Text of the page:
Thursday, June 28, 2012

What was at stake in the ruling for Washington state

Earlier this month, we put out a report detailing what was at stake for Washington state -- down to the county level -- if the Affordable Care Act was thrown out by the Supreme Court.

The upshot was that more than 800,000 Washingtonians stand to get coverage through the Medicaid expansion OR to get subsidies to help them and their families pay for private insurance.

In addition, the report details the reforms, most of them largely unnoticed by the average person, that have already taken effect. Among these: Young adults can now stay on their parents' health coverage up to age 26, kids can't be denied insurance because they're sick, small businesses get tax rebates if they provide health coverage for workers, no caps on lifetime benefits, etc.

The most significant reforms will take place in 2014, including the state's new health care exchange, an online marketplace to shop for and compare insurance -- as well as a way for lower- and middle-income families to get substantial help paying for it.

The full report is at http://www.insurance.wa.gov/legislative/reports/Whats-at-stake.pdf.

Kreidler reaction to Supreme Court upholding health care reform law

OLYMPIA, Wash. – Insurance Commissioner Mike Kreidler expressed great relief with the U.S. Supreme Court’s decision upholding the Affordable Care Act and said Washington state is now well ahead of most states in reforming its health care system.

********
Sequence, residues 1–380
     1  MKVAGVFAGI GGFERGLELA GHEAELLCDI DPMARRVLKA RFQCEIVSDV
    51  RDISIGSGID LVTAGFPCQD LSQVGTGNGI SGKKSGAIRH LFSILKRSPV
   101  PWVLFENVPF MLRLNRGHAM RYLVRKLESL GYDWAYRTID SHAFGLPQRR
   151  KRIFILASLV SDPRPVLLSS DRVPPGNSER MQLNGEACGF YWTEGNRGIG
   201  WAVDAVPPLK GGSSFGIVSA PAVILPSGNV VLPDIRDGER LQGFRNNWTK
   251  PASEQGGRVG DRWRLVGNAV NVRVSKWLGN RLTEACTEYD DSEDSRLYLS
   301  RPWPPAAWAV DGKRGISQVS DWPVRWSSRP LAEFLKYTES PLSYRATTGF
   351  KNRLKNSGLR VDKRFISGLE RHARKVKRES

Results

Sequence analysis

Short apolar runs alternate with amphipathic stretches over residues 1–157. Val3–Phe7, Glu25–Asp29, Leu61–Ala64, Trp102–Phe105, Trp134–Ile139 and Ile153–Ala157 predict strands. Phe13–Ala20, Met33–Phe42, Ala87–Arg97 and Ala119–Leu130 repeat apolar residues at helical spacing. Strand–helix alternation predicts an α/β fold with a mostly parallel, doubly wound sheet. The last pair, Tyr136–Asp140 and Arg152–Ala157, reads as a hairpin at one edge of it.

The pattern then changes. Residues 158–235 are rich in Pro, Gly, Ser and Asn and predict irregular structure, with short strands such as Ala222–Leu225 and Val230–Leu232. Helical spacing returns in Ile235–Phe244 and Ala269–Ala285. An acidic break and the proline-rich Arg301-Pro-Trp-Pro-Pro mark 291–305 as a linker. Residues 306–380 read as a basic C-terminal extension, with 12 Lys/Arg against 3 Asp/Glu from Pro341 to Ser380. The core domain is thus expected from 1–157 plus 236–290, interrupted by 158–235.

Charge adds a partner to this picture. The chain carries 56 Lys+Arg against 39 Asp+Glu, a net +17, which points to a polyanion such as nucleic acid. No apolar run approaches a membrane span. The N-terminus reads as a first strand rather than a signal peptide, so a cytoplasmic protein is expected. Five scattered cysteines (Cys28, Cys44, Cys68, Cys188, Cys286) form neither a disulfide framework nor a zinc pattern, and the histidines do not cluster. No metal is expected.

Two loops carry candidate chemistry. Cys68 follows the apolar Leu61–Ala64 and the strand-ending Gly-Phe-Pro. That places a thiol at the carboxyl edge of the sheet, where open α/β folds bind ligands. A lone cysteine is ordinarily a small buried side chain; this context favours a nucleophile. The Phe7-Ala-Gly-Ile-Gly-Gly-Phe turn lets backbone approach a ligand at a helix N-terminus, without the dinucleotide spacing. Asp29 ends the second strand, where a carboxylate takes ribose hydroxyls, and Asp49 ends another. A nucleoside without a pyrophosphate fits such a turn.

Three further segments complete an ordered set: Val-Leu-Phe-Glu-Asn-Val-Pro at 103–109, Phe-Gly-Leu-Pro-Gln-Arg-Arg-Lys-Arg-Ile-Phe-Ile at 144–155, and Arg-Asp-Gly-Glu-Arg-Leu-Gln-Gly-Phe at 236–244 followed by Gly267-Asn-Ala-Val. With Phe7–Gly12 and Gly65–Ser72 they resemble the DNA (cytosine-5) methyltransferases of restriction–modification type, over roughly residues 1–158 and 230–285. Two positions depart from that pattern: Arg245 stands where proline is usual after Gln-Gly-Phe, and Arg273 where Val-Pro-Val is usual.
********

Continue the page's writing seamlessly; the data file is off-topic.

Many reforms are currently in place, but key benefits and programs take effect in 2014, including Washington’s new Health Exchange, federal subsidies to help 477,000 people afford health insurance, an expansion of Medicaid for 328,000 poor childless adults and the ban on insurance companies from denying people coverage if they’re sick.

 
“I’m very pleased the Supreme Court chose to uphold the Affordable Care Act,” said Kreidler. “We’ve been busy for two years now implementing the reforms and have made great progress, but there’s a lot left to do before 2014. With the court decision out of the way, we can continue our focus on where it should be – bringing relief to families struggling to find quality, affordable health insurance.”

 
The millions of Washington state consumers benefitting from the Affordable Care Act’s early reforms include:

 
  • More than 2.4 million people who no longer face lifetime caps on their health benefits.
  • More than 52,000 young adults up to age 26 who have stayed on their parents’ health plans.
  • More than 1.2 million people who now have coverage for preventive care with no co-pays or deductibles.
  • More than 60,000 people in Medicare who have saved hundreds on their prescription drugs.

 
Washington state also leveraged millions in federal funds available under the Affordable Care Act to create:

 
  • Public access to health insurance rate requests. 
  • A new marketplace in Washington state for health insurance in 2014 – called an exchange – where people can shop for health plans, compare their options and apply for subsidies.
  • A temporary health insurance program (PCIP-WA) for people with pre-existing health conditions.

 
“The Affordable Care Act is not perfect, but it moves us in the right direction and is the only meaningful reform that’s passed in decades,” said Kreidler. “The debate was clearly contentious, and I’m grateful to have it behind us. But, now it’s time to focus on the work ahead – more than a million uninsured people in our state are counting on us.”